Suddenly, our routines no longer apply and the current crisis has left chefs without that comfort zone that help their approach towards the daily chaos. We are now left with a looming question: “Are routines useful in time of crisis and if not – what is the alternative?” Your restaurant may be closed or maybe it has shifted to take-out and delivery only. In either case business as usual is a thing of the past. Your staff is down to a skeleton crew, or maybe you are left holding the fort alone. The future of your operation and for the matter the future of restaurants overall is in question and your routine, your safe place, your dependable organization has not caught up to this dramatic change. Where do you begin, what direction should you take, what possible objectives can be put in place to move from uncertainty to a driving mission?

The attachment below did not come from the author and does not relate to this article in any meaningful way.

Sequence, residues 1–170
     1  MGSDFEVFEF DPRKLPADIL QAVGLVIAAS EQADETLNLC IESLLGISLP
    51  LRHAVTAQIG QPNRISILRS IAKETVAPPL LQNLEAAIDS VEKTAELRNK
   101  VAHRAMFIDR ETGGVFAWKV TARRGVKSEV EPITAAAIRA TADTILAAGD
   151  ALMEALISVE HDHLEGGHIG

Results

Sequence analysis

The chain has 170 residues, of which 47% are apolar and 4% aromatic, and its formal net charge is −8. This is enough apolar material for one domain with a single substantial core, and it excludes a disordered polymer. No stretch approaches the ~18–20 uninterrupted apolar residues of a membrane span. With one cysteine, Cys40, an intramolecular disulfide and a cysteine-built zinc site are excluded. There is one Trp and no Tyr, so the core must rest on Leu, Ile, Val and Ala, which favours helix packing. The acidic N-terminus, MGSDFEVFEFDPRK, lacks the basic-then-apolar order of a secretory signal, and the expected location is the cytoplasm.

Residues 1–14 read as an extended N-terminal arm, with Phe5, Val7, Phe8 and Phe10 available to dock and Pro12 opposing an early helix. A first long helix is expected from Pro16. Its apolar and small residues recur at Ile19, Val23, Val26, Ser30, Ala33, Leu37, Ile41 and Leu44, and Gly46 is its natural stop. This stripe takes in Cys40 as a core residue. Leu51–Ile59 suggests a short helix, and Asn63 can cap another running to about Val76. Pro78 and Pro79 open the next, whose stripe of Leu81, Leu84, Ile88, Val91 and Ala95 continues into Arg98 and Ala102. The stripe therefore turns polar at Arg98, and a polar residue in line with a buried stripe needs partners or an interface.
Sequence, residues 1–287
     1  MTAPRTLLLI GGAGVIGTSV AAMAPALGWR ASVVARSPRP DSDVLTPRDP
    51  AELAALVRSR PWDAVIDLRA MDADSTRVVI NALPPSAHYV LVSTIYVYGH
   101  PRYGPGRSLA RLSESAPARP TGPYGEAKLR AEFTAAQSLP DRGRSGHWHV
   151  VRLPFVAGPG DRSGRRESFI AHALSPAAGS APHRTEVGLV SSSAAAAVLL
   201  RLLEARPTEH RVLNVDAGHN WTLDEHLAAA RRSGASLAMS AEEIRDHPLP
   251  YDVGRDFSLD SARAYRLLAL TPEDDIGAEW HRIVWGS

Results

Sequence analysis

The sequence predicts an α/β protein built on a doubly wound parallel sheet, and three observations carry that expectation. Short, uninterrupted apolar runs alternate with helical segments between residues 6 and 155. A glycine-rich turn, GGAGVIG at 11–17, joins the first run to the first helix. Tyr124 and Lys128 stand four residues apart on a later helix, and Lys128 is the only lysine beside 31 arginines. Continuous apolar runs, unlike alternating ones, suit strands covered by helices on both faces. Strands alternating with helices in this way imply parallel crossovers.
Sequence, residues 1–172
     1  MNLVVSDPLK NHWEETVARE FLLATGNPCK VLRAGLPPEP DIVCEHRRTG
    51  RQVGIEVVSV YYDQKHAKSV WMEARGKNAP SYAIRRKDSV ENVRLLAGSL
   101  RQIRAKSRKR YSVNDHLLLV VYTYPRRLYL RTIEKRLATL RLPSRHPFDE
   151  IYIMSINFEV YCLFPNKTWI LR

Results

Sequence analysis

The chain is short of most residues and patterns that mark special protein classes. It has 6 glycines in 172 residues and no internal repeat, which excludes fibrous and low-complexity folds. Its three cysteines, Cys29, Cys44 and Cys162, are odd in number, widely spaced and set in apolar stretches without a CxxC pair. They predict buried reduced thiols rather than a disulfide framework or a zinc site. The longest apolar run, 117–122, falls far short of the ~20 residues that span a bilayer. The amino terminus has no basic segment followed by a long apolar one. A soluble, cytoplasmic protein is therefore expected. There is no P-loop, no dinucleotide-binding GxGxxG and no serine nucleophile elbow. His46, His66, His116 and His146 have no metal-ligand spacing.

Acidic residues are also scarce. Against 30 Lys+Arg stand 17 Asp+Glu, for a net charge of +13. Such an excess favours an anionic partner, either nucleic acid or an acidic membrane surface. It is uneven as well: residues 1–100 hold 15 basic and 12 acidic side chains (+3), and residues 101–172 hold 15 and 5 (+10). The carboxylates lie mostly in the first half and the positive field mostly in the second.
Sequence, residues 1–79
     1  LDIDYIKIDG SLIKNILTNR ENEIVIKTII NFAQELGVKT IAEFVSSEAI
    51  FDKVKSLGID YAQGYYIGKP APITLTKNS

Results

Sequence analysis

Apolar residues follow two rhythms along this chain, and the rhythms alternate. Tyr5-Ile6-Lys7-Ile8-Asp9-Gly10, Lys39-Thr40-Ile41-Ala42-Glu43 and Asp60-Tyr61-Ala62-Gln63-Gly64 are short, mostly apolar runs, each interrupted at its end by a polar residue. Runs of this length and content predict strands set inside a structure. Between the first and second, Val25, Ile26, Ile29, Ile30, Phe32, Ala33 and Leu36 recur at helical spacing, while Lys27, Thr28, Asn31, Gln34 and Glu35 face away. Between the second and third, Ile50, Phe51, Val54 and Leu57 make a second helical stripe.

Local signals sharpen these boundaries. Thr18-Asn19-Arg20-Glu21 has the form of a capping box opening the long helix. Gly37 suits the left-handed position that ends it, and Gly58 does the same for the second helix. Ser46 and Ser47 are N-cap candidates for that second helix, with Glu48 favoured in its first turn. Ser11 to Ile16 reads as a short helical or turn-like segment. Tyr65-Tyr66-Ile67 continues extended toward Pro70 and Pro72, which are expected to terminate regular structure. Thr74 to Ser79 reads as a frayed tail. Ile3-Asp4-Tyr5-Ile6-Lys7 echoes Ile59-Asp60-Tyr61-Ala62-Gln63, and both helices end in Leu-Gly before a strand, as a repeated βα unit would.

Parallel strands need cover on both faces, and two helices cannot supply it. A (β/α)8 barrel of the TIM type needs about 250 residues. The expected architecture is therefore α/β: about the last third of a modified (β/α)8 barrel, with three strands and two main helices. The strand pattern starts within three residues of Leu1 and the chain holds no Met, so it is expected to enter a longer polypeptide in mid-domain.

One of the realities of a routine is that it can be limiting – leaving individuals without a way to zig and zag and change direction with any level of enthusiasm and energy. Chefs are not unlike any other professional in this regard – athletes, carpenters, musicians, bankers, doctors, nurses, shop owners, and military personnel all function most effectively when they can depend on their routines. They may be able to transition over time to a new routine, but when it changes overnight they can easily find themselves lost and directionless. You may be able to physically prepare for crisis, but mentally and emotionally find yourself like a ship without a rudder.